As I read Bernstein's review, I notice a lotta wottabowt. Here: Mr. Bryant has no word of criticism for the Junkers who made the war, refused all possible attempts at a peace during its course, forced the Republican government to sign the armistice, bled the Republican government to the tune of hundreds of millions of marks, and then aided Hitler to gain control of the German state. That's a bold statement. It is also a slander: per Bryant, at the end of 1916... the Central Powers had made the first peace overtures. It was to have been a pacification based on the status quo of 1914, together with the return of Alsace-Lorraine to France. But it was not taken seriously either by the German militarists who hoped to retain strategic advantages in Belgium and Flanders...

As to why Bryant glides over "the Junkers" by name: I imagine it's in part because that caste, then ascendant in German military / diplomatic circles, did contain a faction who wanted peace; it's just that many didn't. Also, it's hardly relevant to the book's theme, which is the German proletariat and their Bavarian Catholic-raised Führer, whom Bryant holds up (correctly) as about the polar opposite to the Nationalist-voting East Prussian lord. I would flip this on its head and ask Bernstein why he'd brought it up; I hazard, less for what it says about Schiklgruber and more for what (Bernstein imagines) it says about British Tories like Bryant.

Bryant is trying to be fair to the Junker caste, in short. And he is just as fair to the Jews - at least, the German Jews: the quiet, decent, inoffensive people who had acquired the outlook, habits and sober morality of the German bourgeoisie, and who today have become the tragic victims of an unreasoning loathing which they had done nothing themselves to create. For Bryant it was the arrivistes from the east, who sought those quick profits which Bernstein cannot disassociate in his totalist mind from all "capitalism".

As for the Nazi regime as of 1940, Bryant is under no illusions: a little minority of cruel fanatics to infect a whole nation with their own undiscriminating hatred; It was puritan rather than personal. It is this that accounts for its cruelty and inhumanity. And, since Bernstein is playing the Context Game elsewhere, I note that where Bernstein excerpts They destroyed because they were shocked, he omits to include its prefix Yet to the small minority against whom the popular instincts to which they appealed were directed, they were ruthless and inhuman in their unappeasable hatred.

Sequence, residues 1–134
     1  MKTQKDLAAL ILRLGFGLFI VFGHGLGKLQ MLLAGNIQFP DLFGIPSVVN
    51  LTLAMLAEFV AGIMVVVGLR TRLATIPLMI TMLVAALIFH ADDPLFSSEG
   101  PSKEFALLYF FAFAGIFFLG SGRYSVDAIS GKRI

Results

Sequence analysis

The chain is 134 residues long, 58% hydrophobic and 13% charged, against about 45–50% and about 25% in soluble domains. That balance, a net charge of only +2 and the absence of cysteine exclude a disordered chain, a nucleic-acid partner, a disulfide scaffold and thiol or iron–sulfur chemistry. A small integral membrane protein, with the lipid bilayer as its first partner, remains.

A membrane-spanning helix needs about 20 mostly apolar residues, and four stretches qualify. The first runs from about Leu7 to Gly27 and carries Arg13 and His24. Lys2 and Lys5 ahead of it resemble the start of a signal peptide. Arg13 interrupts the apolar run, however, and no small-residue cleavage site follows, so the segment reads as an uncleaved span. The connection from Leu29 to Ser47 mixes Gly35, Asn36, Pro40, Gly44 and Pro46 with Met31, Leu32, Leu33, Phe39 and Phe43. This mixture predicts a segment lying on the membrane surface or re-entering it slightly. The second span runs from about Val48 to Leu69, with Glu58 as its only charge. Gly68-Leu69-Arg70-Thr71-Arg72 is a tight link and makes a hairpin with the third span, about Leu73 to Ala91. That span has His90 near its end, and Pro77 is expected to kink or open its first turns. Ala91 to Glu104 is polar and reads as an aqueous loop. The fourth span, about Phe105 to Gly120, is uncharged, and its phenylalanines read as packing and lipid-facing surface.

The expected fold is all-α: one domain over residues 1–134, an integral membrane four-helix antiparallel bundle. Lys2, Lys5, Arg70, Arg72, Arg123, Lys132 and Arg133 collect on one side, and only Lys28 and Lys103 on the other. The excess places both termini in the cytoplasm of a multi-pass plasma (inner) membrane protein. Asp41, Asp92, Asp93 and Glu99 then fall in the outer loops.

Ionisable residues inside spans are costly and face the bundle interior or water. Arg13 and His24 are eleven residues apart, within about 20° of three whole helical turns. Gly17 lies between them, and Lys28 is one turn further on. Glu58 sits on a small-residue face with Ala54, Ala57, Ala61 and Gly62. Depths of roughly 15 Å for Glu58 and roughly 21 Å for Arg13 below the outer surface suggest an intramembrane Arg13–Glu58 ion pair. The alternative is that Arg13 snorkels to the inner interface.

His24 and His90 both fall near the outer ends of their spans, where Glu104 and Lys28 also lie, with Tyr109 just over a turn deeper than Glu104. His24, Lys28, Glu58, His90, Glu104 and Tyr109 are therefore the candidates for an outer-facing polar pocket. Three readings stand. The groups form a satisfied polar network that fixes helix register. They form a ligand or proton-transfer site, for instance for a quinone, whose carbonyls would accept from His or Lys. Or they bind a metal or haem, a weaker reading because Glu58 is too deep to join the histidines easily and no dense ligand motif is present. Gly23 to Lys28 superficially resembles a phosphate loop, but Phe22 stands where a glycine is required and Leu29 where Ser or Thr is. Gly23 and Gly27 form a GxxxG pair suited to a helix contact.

Bryant's Unfinished Victory may have started as an Appeasement brief, but it evolved - as its author evolved. Bryant had shifted this text (slightly) to the sort of book rife on bookstores during America's own "war on terror": Why Do They Hate Us. Which the Allies needed to understand, should they win the day; before imposing a Versailles II, or - worse - allowing Stalin to bathe his sword in the sea at Calais.

In my neocon phase, I too thought it disgusting that we should bother asking Why Do They Hate Us - of Muslims. Of pretty much any Muslim. For such sentiments I was chastised as a simple hater. So I took it upon myself to learn Islam and to learn its history. And yes, sometimes when people take on the Why Do They Hate Us question they're acting in bad faith. But sometimes perhaps they're not.

For those claiming Bryant as antiSemitic or proNazi, we should dismiss them as simple haters themselves.

BACKDATE 9/15 4 PM MST: for when I finished Bryant's book and found its retort.

Friday, September 13, 2019

Lyra

A long time ago, aliens fired a missile toward our solar system. Our sun nudged the thing into an "orbit" that was almost, but not quite, parabolic: eccentricity 1.2 or such. Since it was found by astronomers in Hawaii they named it `Oumuamua. A standard elliptic orbit can be nudged into hyperbolism but in this case, there wasn't anything around that could have done that.

So, aliens it was. Okay okay, sorry to take the fun out of things; it wasn't little green men who did it, it was some other solar system's gravitational chaos.